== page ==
Welcome to my website. This website handles the overflow from 'Growing Ornamental Plants'. Both sites show how I select and grow ornamental plants which can cope with extremely hot and dry conditions in summer, and I show how I use water saving methods to achieve this.............John Ashworth 26th December 2015.
Growing New Guinea Impatiens
Latest Update 11th January 2016.
New Guinea Impatiens.
The have uncomplicated pretty flowers which contrast beautifully with their waxy foliage and they love hot weather.
However, as they are native to equatorial New Guinea rain forests, they need to grow in moist soil protected from intense mid day sunshine.
I grow mine under an apricot tree where they get enough sun, but are protected from the worst excesses of Melbourne's hot dry summers.
I keep my New Guinea Impatiens well watered but not drenched, and I avoid watering the leaves.
They grow viable seeds if allowed and can also be propagated by soft tissue cuttings. Cuttings will reproduce the parent plant's physical characteristics more accurately than seed unless you can get hold of open pollinated plants.
I treat mine as annuals as they are frost tender and die back in our cool winters. In climates with warmer winters they can be grown as perennials.
Pot up to a larger sized pot as required and keep the plant protected from frost during winter.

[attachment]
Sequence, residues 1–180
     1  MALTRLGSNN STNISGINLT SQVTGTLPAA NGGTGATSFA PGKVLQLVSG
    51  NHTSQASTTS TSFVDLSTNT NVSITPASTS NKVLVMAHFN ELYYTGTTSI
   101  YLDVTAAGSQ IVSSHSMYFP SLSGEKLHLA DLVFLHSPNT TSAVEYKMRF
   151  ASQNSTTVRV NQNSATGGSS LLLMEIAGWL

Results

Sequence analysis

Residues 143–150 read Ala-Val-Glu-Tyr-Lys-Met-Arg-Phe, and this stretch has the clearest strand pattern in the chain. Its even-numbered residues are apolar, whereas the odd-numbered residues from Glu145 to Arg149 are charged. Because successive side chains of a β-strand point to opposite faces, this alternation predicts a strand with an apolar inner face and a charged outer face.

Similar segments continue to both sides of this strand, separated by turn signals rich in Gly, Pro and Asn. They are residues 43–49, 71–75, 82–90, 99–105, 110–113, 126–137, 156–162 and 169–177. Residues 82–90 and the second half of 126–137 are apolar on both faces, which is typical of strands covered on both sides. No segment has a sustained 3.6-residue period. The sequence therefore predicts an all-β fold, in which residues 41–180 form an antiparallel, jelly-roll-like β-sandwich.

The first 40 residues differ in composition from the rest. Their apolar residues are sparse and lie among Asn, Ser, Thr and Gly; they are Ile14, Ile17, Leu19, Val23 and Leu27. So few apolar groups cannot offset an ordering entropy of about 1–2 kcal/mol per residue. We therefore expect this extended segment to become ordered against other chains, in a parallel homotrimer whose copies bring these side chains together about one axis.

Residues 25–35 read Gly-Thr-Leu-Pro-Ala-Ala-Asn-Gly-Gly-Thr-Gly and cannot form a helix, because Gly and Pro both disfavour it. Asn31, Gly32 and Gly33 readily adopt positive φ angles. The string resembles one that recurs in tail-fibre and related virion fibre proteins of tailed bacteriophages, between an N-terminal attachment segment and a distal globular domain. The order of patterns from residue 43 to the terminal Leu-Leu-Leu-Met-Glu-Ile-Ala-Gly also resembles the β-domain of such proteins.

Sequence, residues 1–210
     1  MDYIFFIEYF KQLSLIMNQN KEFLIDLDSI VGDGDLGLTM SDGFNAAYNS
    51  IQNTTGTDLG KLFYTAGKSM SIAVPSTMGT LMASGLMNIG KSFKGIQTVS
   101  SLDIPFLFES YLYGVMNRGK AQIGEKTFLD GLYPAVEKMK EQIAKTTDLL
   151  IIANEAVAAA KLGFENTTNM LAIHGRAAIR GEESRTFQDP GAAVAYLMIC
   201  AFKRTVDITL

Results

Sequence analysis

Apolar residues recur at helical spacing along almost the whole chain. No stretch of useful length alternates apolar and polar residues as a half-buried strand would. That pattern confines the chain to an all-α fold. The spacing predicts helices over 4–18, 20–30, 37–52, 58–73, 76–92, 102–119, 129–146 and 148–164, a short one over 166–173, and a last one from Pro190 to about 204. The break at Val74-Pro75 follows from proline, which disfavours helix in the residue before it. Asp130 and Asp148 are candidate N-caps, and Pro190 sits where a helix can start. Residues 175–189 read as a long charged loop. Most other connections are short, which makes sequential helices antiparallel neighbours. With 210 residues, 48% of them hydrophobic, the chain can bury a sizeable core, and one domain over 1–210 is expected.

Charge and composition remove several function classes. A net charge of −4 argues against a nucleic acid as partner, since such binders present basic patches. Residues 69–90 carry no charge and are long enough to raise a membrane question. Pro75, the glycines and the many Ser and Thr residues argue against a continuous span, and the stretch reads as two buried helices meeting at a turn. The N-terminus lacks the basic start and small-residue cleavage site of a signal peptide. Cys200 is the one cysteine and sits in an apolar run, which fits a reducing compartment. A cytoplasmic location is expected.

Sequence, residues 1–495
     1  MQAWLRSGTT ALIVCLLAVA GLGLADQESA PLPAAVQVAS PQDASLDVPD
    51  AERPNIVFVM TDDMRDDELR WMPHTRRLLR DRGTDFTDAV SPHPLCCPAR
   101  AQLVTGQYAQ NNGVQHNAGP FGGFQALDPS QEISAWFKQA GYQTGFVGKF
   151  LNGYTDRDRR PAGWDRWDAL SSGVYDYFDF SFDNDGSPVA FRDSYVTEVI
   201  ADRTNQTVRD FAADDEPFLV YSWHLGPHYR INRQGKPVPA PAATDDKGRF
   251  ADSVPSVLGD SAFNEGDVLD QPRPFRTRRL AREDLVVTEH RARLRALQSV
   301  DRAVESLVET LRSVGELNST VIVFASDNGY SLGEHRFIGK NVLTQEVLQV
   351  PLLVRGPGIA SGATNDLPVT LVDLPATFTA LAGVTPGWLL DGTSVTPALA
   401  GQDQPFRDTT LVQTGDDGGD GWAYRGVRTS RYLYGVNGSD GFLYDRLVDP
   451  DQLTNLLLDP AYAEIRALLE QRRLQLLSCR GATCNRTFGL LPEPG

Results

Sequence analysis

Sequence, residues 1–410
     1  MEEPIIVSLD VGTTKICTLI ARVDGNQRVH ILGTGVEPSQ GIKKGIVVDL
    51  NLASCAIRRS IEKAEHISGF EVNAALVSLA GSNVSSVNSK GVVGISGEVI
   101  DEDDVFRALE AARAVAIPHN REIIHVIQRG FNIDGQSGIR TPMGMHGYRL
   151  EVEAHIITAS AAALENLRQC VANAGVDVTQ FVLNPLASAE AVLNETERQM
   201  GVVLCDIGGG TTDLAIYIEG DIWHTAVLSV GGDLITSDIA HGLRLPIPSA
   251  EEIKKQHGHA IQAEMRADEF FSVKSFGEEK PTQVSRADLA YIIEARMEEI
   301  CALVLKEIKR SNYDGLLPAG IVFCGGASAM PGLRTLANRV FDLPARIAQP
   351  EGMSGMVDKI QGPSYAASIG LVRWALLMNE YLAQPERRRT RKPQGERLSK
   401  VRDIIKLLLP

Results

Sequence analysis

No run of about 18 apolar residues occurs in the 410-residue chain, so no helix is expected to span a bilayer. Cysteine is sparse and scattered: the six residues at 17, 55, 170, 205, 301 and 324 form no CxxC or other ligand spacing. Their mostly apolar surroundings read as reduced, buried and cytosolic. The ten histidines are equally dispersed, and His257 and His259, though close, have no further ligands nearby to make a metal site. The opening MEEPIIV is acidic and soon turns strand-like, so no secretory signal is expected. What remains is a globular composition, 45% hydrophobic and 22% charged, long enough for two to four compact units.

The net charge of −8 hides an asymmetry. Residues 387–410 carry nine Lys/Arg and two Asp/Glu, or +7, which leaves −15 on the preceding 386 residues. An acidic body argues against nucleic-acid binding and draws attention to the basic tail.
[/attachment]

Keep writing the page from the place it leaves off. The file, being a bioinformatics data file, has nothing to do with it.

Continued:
Replant each Impatiens plant in the prepared bed after all danger of frost has passed during the following spring.
Apply a foliar spray of activated aerated compost tea every month when the edible plants are sprayed and remember to spray the plants in the propagation unit.
Remove and compost the spent plants when they stop flowering in Autumn.
Organic Pest Control.
It is about 15 years since I last grew New Guinea Impatiens and I don't remember them being vulnerable to any serious pests. When and if I have a problem, I will try to diagnose it and publish details of my response.
However sensible preventive measures like regularly spraying the plant with aerated compost tea will boost their natural defences by colonising the leaf surfaces with beneficial microbes.
These microbes defend plants against airborne pests and diseases.
proper soil preparation including regular applications of home made
compost boosts the community of beneficial
microbes and defends roots against plant pathogens.